He was at The Bulge – Pfc. Floyd Gantzer was in the 17th Airborne Division

Floyd Gantzer holds a Nazi flag outside the apartment his anti-tank unit was living in in Berlin. Photo provided by Floyd Gantzer

Trained as a paratrooper at Fort Benning, Ga., in July 1944, former Pfc. Floyd Gantzer was attached to the 193rd Glider Infantry Regiment, part of the 17th Airborne Division at the Battle of the Bulge in Belgium in January 1945 during World War II.
“We were trucked to the battle,” the 84-year-old Port Charlotte, Fla. man said. “During the attack on Mande St. Etienne, Belgium, on Jan. 7 I was assigned to an anti-tank unit with a British six pound gun. It was a real bad day — cold and snowy. I was out front of the gun in a foxhole when my unit pulled out in a hurry and left me there.

Floyd Gantzer looks at a scrapbook full of memories. He served in the paratroopers during World War II in Europe and fought at the Battle of the Bulge and made a glider attack across the Rhine River during the closing months of the war. Sun photo by Don Moore

“I was out there for almost two days by myself, me and the Germans. I stayed in my trench until dark. When dark came I was happy because I could begin crawling back to my lines. The Germans were all over shooting at me in the dark. I stayed low and crawled on the ground until I finally made it back to the road and got back to Mande St. Etienne.”

The 17th Airborne Division held an 82-mile front from Givet to Verdun, France, in the Ardennes Campaign. The German army’s attack stopped four miles short of the Meuse River because their tanks ran out of fuel. The 17th Division was the last American division between the Ardennes and the North Sea.

By the time Gantzer and his anti-tank gun reached the Rhine River they joined the 194th Glider Infantry.

“We had the members of the gun crew and our six-pounder in one of the gliders that crossed the Rhine. We landed in a field in Germany and our left wing hit the ground first. The glider’s wings were ripped off, but neither our gun nor the crew members were hurt,” he said. “The Germans were everywhere. Everybody was going here and there and everything was so confusing. We finally got our gun crew together and started firing.”

It was the beginning of a long string of advances through one German village after another as the war went on and on.

“Most of the time snipers were our biggest problem as we went from village to village,” he said. “In one town there was a sniper holed up in a house shooting at us. I reached the house and was just about to throw a hand grenade into the house when a German family with a bunch of little kids walked out the front door with their hands raised. The sniper had let them out. A short time later the sniper surrendered, too. He was an 18 to 20-year-old German soldier.

This German family escaped their home seconds before Gantzer was about to toss a hand grenade into their house where a German sniper was holed up. Photo provided by Floyd Gantzer

“If I had thrown that hand grenade into the house it would have killed ’em all!”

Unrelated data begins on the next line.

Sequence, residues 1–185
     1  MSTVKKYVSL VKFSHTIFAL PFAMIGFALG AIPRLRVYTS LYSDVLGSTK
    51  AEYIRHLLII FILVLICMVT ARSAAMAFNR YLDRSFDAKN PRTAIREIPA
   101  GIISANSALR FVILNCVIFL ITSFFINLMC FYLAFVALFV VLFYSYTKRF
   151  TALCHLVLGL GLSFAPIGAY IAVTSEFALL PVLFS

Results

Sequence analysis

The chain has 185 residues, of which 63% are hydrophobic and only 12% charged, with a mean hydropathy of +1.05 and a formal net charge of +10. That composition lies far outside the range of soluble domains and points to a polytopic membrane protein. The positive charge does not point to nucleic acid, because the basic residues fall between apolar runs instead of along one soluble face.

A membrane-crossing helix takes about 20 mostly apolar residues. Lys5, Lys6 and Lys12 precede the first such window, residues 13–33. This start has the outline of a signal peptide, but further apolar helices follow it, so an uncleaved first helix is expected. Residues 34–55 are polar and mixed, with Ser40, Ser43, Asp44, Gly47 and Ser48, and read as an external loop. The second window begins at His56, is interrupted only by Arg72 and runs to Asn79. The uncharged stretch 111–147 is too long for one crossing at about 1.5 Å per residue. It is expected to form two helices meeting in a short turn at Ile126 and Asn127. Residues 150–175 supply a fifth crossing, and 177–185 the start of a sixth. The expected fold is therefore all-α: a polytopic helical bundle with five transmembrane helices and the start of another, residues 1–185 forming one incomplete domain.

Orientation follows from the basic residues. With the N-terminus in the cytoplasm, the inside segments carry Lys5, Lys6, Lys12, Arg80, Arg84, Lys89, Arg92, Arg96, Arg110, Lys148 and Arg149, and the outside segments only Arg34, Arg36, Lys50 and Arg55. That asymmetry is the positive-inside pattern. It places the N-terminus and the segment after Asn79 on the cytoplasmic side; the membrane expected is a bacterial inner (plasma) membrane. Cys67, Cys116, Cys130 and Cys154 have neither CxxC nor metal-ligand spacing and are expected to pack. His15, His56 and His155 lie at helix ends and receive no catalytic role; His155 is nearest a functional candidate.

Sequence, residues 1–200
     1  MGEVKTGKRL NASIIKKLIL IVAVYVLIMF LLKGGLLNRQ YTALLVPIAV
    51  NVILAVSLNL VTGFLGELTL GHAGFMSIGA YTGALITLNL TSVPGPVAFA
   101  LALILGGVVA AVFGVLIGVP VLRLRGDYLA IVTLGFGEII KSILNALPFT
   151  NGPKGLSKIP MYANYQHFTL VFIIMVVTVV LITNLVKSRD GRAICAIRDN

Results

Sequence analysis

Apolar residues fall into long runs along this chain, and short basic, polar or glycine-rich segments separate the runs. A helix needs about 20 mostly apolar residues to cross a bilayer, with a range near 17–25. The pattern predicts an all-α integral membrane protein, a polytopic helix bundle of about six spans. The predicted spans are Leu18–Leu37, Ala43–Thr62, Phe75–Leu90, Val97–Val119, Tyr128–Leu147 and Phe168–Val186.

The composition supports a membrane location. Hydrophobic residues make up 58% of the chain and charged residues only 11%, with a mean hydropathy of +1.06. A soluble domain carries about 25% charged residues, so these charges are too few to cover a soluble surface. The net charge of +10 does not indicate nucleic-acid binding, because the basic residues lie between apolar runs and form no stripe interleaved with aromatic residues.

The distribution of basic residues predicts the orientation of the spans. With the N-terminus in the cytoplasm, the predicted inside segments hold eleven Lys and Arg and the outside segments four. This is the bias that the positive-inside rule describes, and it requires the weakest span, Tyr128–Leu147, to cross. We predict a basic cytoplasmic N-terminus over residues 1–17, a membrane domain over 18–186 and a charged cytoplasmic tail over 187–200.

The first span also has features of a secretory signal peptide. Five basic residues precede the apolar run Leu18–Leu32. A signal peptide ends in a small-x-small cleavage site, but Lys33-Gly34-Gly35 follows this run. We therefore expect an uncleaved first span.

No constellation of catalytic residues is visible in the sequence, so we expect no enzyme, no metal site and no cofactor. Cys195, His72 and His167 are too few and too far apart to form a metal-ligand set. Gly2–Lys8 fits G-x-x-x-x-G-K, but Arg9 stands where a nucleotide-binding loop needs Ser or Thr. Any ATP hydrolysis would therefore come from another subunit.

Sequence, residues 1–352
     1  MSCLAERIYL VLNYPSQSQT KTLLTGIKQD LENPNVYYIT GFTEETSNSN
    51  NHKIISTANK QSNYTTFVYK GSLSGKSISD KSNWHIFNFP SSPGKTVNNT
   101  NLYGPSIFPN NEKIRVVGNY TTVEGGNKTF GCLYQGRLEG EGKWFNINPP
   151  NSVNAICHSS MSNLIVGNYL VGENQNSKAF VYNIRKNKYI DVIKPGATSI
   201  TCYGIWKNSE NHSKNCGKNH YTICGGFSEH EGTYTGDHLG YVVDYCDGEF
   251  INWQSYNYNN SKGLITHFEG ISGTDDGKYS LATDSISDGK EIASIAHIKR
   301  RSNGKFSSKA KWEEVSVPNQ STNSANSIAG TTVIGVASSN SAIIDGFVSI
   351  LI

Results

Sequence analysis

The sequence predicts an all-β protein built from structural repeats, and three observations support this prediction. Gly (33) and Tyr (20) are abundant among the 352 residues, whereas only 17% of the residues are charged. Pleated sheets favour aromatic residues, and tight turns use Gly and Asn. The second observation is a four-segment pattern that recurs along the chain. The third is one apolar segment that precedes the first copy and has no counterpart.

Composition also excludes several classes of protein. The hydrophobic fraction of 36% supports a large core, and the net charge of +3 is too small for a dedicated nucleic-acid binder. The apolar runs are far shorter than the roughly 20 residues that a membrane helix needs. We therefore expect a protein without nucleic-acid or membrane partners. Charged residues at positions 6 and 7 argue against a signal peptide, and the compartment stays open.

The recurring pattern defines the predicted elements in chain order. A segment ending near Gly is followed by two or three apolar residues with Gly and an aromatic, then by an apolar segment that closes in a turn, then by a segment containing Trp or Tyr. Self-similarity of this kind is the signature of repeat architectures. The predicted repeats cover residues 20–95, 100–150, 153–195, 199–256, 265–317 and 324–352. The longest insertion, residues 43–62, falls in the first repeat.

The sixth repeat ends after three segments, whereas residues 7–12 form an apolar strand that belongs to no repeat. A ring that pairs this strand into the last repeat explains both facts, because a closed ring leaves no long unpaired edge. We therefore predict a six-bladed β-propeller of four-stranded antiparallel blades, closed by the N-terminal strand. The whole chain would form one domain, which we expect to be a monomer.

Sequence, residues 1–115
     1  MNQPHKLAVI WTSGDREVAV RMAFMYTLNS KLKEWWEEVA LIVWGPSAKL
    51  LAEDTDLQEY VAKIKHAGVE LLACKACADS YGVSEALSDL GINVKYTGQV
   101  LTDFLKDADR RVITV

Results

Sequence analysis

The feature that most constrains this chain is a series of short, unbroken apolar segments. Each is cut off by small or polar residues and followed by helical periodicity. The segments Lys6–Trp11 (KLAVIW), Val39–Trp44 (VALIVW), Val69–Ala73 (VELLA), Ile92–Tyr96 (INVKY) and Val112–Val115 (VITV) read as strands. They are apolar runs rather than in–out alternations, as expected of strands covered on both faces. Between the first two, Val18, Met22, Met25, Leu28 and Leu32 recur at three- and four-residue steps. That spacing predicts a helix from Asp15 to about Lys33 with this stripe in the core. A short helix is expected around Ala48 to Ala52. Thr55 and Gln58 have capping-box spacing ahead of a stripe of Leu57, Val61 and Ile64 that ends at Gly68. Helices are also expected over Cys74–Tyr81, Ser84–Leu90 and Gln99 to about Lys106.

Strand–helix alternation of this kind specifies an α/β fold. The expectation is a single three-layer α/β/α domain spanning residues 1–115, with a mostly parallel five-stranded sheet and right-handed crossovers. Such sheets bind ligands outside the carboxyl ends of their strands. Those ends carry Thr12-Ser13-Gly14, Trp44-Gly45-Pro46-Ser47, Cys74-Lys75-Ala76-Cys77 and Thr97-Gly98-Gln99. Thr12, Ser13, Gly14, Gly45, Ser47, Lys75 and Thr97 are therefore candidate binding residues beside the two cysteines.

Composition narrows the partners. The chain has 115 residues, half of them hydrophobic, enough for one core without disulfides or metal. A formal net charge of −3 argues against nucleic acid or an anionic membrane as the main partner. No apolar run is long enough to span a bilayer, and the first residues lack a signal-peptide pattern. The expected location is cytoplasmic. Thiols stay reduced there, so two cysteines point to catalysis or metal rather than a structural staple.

Deeper and deeper into Germany Gantzer and his anti-tank gun crew went as the war ground on and on. At one point outside a German village, he can’t remember the name of, they were face-to-face with three Panzer IV tanks. They were no match.

“Three big German tanks came up over the top of this hill one day while we were trying to take this town. They just sat there and laid into us firing round after round. We could do nothing about it with the gun we had,” he said.

“We all dug in in a hurry and were trying to stay as close to the ground as we could. I was scared. Anybody that’s been in combat and tells you they weren’t scared, that’s a lot of bull.

“After a while the three tanks pulled back. My outfit with our gun got the hell out of there in a hurry,” Gantzer recalled.

At one point he and the gun crew entered a German town and nearby was a concentration camp with 400 to 500 emaciated prisoners.

“They were Polish people and they were being starved by the Germans,” he said. “They were so glad we arrived with food.”

By the time Gantzer reached Berlin his anti-tank gun was attached to the 325th Glider Infantry Regiment. He had acquired a dachshund.

“I found a mother dachshund that was about to die and she had five just-born babies. I got some powdered milk and fed them with an eye dropper,” he said. “Two of them lived. I gave one to the mess sergeant in Berlin and I kept the other one.

This is part of the 325 Glider Infantry Regiment in Berlin. Floyd is right up front with his dachshund, Mike, in uniform sitting on his knees. Photo provided by Floyd Gantzer

“I called him Mike. I brought him home with me on the Queen Mary. No animals were allowed to come back to the States on the ship, so I hid him in my duffel bag. You should have seen all the dogs running around on the deck of the ship the second day at sea,” the old soldier said with a grin.


This story was first published in the Charlotte Sun newspaper, Port Charlotte, Fla. on friday, Dec. 9, 2005 and is republished with permission.

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Comments

  1. Hi, I am a 14 year old boy. I may be related, could I have more information on you, Mr. Floyd? My name’s AJ Gantzer, and I am the son of Andrew, and the grandson of Frederick Gantzer. Any relations?

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